The Smallsat Search for Low-Cost Launch

Thebuilding and exploitation of small satellites makes possible a diverse set ofmissions to satisfy academic, scientific, military and commercial needs.However, the U.S. community that develops smallsatellites -- or smallsats -- faces a perenial shortcoming of reliable, low-costlaunchers -- a long-term situation that stymies smallsat evolution and wideradoption of the technology. This ongoing issue is to be spotlighted this weekduring the 20th Annual Conference on Small Satellites, held in Logan, Utah. The gathering is sponsored by the American Institute ofAeronautics and Astronautics and Utah State University.

"This hasalways been a chicken-and-egg problem," said Matt Bille, a research analyst andwriter on microspace systems in Colorado Springs, Colo. "No one has succeeded commerciallywith a cheap, small booster because the market is inadequate to provide returnon the initial investment. And then there's the market that isn't there becausepayload developers could never be sure a cheap, small booster would beavailable."

Bille saidthis conundrum could be solved in two ways: either a private investor is willingto forgo a near-term return on research and development costs or the governmenteats those costs.

Both ofthose scenarios are in evidence, Bille pointed out. Space ExplorationTechnologies Corp. (SpaceX) of El Segundo, Calif., is developing launch vehiclesintended to reduce the cost and increase the reliability of access to space.Also, there's the joint venture of the Defense Advanced Research ProjectsAgency (DARPA) and U.S. Air Force called the Falcon Small Launch Vehicleprogram.

Hopefully,one or both efforts will produce an affordable booster that payload developerscan rely on," Bille said.

Engagingthe end user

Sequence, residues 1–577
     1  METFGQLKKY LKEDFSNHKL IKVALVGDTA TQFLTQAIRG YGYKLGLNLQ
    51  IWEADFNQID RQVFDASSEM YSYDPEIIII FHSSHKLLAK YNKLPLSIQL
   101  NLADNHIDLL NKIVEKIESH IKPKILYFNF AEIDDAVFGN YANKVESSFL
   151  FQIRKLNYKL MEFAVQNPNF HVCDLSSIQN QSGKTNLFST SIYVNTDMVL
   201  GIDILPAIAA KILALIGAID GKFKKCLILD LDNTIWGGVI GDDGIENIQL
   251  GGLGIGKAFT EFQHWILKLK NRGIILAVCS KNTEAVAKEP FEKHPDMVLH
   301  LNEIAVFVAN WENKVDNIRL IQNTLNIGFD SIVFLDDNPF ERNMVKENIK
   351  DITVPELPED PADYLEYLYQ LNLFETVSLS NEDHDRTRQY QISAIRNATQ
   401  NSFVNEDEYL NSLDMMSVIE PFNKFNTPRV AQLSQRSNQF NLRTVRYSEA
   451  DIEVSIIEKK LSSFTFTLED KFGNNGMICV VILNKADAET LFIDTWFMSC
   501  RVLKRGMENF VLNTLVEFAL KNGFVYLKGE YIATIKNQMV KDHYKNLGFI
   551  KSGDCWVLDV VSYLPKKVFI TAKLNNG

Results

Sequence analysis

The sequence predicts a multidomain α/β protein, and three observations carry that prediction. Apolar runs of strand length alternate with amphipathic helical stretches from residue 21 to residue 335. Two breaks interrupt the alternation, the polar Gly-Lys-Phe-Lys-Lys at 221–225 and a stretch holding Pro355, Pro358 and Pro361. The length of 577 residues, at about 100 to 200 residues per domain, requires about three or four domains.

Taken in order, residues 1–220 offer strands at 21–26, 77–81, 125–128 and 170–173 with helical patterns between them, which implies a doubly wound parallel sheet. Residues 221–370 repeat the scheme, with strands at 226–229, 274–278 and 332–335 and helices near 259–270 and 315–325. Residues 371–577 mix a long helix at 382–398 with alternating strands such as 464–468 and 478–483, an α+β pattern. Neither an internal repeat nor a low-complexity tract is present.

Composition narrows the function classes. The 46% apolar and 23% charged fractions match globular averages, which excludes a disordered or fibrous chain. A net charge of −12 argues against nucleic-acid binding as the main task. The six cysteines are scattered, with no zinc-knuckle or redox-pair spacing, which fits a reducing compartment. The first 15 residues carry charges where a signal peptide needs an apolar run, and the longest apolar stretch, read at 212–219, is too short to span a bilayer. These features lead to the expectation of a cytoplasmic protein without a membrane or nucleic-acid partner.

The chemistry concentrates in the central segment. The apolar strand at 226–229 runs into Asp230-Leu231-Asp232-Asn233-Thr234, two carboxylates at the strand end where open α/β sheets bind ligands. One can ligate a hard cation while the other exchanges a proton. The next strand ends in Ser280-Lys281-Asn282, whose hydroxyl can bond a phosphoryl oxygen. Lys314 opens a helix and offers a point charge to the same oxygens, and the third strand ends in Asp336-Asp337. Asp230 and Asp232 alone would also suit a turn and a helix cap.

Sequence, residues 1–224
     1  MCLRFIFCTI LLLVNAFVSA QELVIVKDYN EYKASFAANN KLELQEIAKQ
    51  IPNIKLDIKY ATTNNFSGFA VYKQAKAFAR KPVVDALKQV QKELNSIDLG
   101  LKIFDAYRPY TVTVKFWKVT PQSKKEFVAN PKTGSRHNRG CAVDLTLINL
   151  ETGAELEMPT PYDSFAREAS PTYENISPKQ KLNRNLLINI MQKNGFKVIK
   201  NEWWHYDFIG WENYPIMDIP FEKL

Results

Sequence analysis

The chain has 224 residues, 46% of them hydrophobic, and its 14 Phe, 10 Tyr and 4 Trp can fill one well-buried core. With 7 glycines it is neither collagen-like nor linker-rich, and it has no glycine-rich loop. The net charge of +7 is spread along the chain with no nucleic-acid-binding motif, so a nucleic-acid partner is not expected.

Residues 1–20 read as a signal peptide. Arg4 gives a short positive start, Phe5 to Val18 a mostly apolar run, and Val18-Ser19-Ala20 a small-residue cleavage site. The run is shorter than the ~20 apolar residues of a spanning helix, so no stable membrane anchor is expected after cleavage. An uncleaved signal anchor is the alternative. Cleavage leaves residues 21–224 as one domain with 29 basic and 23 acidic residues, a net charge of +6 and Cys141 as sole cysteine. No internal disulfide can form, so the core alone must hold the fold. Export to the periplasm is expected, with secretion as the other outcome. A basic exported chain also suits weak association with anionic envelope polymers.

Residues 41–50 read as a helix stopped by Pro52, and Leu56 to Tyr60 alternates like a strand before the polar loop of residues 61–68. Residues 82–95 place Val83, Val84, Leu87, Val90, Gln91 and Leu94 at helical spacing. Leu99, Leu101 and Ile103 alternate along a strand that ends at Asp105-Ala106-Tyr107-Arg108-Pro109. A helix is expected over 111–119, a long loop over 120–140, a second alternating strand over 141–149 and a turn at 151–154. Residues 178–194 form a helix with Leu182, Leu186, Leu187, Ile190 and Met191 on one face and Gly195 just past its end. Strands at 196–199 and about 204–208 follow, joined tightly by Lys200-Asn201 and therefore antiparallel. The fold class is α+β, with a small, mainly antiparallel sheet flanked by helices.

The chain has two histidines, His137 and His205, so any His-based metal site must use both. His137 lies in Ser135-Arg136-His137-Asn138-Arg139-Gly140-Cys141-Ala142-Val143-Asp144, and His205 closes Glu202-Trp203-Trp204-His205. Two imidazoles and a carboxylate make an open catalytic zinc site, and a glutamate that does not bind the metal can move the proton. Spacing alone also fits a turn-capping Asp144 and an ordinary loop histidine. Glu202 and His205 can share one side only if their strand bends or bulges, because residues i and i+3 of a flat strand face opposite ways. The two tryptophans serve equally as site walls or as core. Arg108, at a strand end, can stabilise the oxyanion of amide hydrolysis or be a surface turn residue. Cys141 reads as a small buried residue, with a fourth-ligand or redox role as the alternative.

Debra FacktorLepore, president of AirLaunch LLC, headquartered in Kirkland, Wash., sympathizes with the chicken-and-egg problem involvingsmall satellites and small launchers. "In our case, we're solving one of them having DARPA and the Air Force as the seed capital ... providing initialfunding. It puts us on a path to have credible steps toward a new launchvehicle," she said.

AirLaunchis developing their cargo aircraft-deployed QuickReach rocket under theDARPA/Air Force Falcon Small Launch Vehicle program, which is intended to allowU.S. government agencies to use smallsatellites with quick-response times for urgent military needs. The objectiveis to lob some 450 kilograms to low Earth orbit for $5 million dollars withless than 24-hours response time.

Firstflight test of the QuickReach rocket is scheduled to occur in 2008, she said.Several milestone drop tests of hardware have already been done to validate thelaunch concept.

NASA's Ames Research Center near Silicon Valley, Calif., announced July 26 that it hassigned a memorandum of understanding with AirLaunch to explore collaborationsin space launch systems launched from aircraft and payloads that cost less that$250 million.